11 Binding his foal unto the vine, and his ass’s colt unto the choice vine; he washed his garments in wine, and his clothes in the blood of grapes.

The former pronouncement is clearly a Messianic reference to the kingship of Christ, however, this latter pronouncement many have also taken as a Messianic reference fulfilled here with the entry of Christ into Jerusalem on the donkey’s colt.  Furthermore, though the donkey was surely a sign of humility, it likewise was a symbol of a Davidic King.  Returning to our scene from earlier where David was fleeing from Absalom, David was brought a donkey to ride on.  In 1 Kings 1:33, David, by now old and weak, gives instructions for Solomon to ride on his very own donkey in a procession announcing Solomon as king (see 1 Kings 1:44).  In our gospel accounts of the triumphal entry, we have an explicit prophecy of the arrival of the king on a donkey, from Zechariah 9:9, a prophecy clearly fulfilled with the arrival of King Jesus.

There is undoubtedly much more that could be said and many more connections to be seen with this momentous occasion in the life of our Lord.  The entire scene involving Jesus, the Mount of Olives, the donkey colt, and the procession into Jerusalem, reaches back into the history Israel’s very origins, coming forward through both David and Solomon.  Furthermore, it was a place and an event signifying the arrival of the King in His humility.  However, as we have seen, it will also be the place for the second arrival of the King, this time in glory.

The Gospel According to Hosea



Hidden in the midst of obscure, difficult, and often times harsh prophecies from Hosea is one of, if not the most, glorious chapters in all of Scripture.  In fact, a chapter so majestic, James Montgomery Boice referred to it as “The Greatest Chapter in the Bible.”  If that’s even close to being true, then it deserves our attention.  Hosea chapter 3 is cited below.  May our hearts be inclined to read God’s Word in such a way that our affections are stirred more for Him with every word that passes under our eyes.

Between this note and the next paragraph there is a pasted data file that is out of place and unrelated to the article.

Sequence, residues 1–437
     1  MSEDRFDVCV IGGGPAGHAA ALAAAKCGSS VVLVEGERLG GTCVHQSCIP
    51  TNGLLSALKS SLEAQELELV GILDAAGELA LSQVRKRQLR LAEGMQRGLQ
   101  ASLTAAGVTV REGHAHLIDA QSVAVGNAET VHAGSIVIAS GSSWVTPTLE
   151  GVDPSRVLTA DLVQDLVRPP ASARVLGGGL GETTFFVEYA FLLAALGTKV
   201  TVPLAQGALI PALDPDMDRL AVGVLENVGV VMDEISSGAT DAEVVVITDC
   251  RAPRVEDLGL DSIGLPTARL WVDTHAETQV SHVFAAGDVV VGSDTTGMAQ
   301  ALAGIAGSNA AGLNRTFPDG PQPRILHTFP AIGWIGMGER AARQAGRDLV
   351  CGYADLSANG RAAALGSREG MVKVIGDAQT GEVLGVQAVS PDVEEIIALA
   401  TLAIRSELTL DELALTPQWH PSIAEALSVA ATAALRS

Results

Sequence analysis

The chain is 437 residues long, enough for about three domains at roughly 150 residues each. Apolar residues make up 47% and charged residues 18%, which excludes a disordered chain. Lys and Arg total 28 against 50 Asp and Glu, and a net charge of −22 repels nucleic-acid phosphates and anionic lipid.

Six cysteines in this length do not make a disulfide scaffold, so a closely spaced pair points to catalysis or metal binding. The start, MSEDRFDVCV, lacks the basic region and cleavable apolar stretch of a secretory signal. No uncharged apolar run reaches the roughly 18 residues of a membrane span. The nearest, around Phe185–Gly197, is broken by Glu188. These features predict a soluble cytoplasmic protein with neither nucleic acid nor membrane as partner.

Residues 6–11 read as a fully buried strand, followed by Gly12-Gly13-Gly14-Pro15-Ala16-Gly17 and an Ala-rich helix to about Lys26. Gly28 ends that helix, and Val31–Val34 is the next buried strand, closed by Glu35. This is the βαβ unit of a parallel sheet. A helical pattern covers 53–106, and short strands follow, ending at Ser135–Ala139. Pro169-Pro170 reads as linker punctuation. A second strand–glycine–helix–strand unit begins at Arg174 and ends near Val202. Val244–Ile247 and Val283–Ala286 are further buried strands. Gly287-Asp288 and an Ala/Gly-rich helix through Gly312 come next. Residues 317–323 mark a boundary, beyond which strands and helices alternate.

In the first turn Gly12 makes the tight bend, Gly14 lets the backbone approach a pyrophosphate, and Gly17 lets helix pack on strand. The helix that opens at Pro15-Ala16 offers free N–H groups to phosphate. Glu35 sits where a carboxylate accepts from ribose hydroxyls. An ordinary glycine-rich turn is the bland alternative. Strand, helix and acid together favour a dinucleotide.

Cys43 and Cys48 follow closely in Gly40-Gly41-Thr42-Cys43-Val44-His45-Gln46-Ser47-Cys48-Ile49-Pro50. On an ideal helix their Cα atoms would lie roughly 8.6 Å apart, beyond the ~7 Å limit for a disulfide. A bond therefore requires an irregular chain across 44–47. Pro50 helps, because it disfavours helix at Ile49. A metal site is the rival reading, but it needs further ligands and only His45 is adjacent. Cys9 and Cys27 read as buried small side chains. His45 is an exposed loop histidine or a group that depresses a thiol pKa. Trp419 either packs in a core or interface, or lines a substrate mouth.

“And the Lord said to me, “Go again, love a woman who is loved by another man and is an adulteress, even as the Lord loves the children of Israel, though they turn to other gods and love cakes of raisins.” 2 So I bought her for fifteen shekels of silver and a homer and a lethech of barley. 3 And I said to her, “You must dwell as mine for many days. You shall not play the whore, or belong to another man; so will I also be to you.” 4 For the children of Israel shall dwell many days without king or prince, without sacrifice or pillar, without ephod or household gods. 5 Afterward the children of Israel shall return and seek the Lord their God, and David their king, and they shall come in fear to the Lord and to his goodness in the latter days.” Hosea 3:1-5

On a surface reading it may be difficult to see this chapter living up to the hype that Dr. Boice has placed on it.  In fact, it may be difficult to see anything at all beyond some archaic references and analogies to Hosea and his wife Gomer.  Unpacking this passage verse by verse will reveal not only that there is more here than meets the eye, but the glory of the Gospel, indeed the gloriousness of Christ Himself.